Just how does a young, healthy, competitive water polo athlete drown in a swimming pool?
The family of 19-year-old Nick Johnson — and many in the Santa Barbara community — have been struggling to understand his tragic death, and attention is now being focused on a condition called "shallow water blackout," which puts swimmers and divers in danger of fainting underwater.
Johnson was training alone at the Santa Barbara High School pool on March 24, although the school’s swim team was doing laps at the same time.
He was discovered unresponsive at the bottom of the pool’s deep end, and despite heroic efforts by students with lifeguard training, responding paramedics and emergency room doctors, he couldn’t be revived.
The Santa Barbara County Coroner’s Office has issued a preliminary finding of “accidental drowning” but is waiting on toxicology reports and other tests to make a final determination of the cause of death.
Wolf Wigo coached Johnson since he was a child, both on club teams and eventually on the UCSB men’s water polo team.
He told Noozhawk he believes a shallow water blackout contributed to Johnson’s death, noting that people at the pool saw him swimming underwater laps.
“I’m pretty certain that’s what it was,” Wigo said. “If it’s not, it’s not, but for me, it’s way over a 90 percent chance.”
Wigo is working with his father, Bruce Wigo, to launch a nationwide awareness campaign about shallow water blackout. Families of victims, including the Johnsons, will probably get involved, he said.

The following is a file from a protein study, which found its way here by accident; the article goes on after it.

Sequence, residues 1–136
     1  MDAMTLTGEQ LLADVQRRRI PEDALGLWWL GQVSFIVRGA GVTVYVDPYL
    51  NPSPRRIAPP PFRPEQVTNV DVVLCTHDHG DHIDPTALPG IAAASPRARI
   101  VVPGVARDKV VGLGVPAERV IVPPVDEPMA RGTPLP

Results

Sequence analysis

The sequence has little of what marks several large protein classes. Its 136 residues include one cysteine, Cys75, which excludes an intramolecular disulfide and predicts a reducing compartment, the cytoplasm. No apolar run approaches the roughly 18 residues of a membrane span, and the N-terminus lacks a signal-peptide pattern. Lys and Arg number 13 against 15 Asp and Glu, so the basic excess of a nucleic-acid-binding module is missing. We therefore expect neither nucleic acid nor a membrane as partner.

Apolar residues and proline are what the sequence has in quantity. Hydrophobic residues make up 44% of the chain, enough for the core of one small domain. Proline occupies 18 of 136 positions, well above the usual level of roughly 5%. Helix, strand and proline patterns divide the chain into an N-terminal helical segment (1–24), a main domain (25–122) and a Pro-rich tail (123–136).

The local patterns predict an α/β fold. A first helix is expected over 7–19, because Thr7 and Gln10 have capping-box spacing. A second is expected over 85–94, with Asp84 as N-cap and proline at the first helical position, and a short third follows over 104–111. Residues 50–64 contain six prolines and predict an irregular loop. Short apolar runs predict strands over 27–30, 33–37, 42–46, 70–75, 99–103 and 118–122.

“It does seem that this is an opportunity to try and make changes in the way these elite athletes train, so that no other family will have to endure such a loss,” said Kristen Jensen, Johnson’s aunt.
This cause is personal to Wigo, not just because of his relationship with the Johnson family, but because he almost suffered a shallow water blackout as a child in the backyard pool.
Bruce Wigo, the former executive director of USA Water Polo and CEO of the International Swimming Hall of Fame, has written several articles on the subject, including one about his son’s near drowning.
Wolf was doing a contest for underwater distance swimming with other kids, and before taking off, he was doing deep breaths and then would laugh.
He had accidentally made himself super-hyperventilated. Wigo then heard the other kids yell that Wolf was pretending to drown, but when they got to him, they realized something was wrong.
“He was blue, convulsed with eyes wide open and not breathing when I got him out of the water,” Bruce Wigo wrote.
Wolf was lucky and fully recovered, but the incident showed just how quickly victims get into danger in shallow water blackout.
It’s an inherent risk of underwater swimming and free diving, where people hold their breath for extended periods of time, especially if people hyperventilate beforehand, said Don Barthelmess, who teaches in Santa Barbara City College’s Marine Technology Training Department.
“It’s not really common in pool situations; it’s more common with free divers in a competitive situation, where they’re basically hyperextending breath-hold dives to stay underwater for longer periods of time,” Barthelmess said.
Taking long, deep, rapid breath inhalations lowers the carbon dioxide in the bloodstream, which allows the person more time underwater before the level rises to the “break point” and he or she feels the need to breathe.
That urge is triggered by the elevation of carbon dioxide levels in the bloodstream, Barthelmess said.
Lower carbon dioxide can make the body ignore that trigger, but the blackout itself is caused by a lack of oxygen. For free divers, it’s the falling oxygen pressure as the person surfaces.
There’s more atmospheric pressure underwater, which falls as someone nears the surface. There’s twice as much pressure on the body at 33-feet underwater as there is from air on the surface.